The typewriter is in a case with a guarantee that suggests that it was sold in London during the Second World War. Note, however, that the serial number listed on the guarantee is CB 169XX, lower than the number of this machine.


The typewriter has only three rows of keys, but note the stubs of levers for what would have been the fourth row.


Despite its reduced number of keys, the typewriter has a full complement of typebars. There are 28 usable typebars and 14 unusable typebars, which are not connected to any keys. The unusable typebars have the following type slugs:

/
@
£
_
&
(
?
)
1/4
%
1/8
5/8
2
3
4
5
6
7
8
9
,
-
3/4
1/2
3/8
7/8

On the right end, there is a typebar with no typeslug; another with a blank slug; and four with the typical fractions found on British typewriters. These last four typebars are among the unusable ones.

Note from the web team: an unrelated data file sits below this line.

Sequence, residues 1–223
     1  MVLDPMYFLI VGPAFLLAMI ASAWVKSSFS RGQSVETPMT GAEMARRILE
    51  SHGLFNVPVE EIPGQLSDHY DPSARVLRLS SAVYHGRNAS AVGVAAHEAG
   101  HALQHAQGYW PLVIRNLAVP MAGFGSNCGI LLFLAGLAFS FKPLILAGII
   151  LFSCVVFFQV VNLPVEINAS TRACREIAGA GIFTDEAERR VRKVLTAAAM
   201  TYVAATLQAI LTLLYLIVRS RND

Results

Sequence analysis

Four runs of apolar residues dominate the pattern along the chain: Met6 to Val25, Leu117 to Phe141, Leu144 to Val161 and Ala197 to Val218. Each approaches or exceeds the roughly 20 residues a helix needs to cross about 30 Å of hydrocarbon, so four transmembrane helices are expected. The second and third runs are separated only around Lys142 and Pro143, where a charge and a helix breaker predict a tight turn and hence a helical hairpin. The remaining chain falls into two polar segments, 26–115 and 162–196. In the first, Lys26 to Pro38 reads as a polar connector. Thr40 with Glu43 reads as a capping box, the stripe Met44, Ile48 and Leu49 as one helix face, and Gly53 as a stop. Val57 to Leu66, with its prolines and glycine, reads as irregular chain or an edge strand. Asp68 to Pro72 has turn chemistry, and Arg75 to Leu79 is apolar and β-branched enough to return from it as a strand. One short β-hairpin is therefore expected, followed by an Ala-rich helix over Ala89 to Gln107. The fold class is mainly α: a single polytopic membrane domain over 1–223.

Let's look more closely at the keyboard:


Obviously, it is a mill. The typebars that can be activated are controlled by keys that print sans-serif capital letters in the unshifted position and figures in the shifted position. There is a FIGS key to raise the carriage, which stays up until you hit the LTRS key to lower it.

Note that the position of the LTRS key is just to the right of the M key, as on Gabe Burbano's Smith-Corona mill pictured above. The LTRS key is connected to a long, thick, diagonal lever. 

To its right is a blank key, and and further to the right and up one row is another blank key. The first of these operates the typebar with no type slug, and the second one operates the typebar with a blank slug. The owner of the typewriter reports that these blank keys "kind of press on" the lever for the LTRS key, and speculates that their function may be "to lower the carriage and make a space in the same keystroke, thus saving time—why there are two of them I would not know."

So there you have it. Has anyone seen a typewriter just like this one before? Can anyone shed more light on its origin? I look forward to your ideas.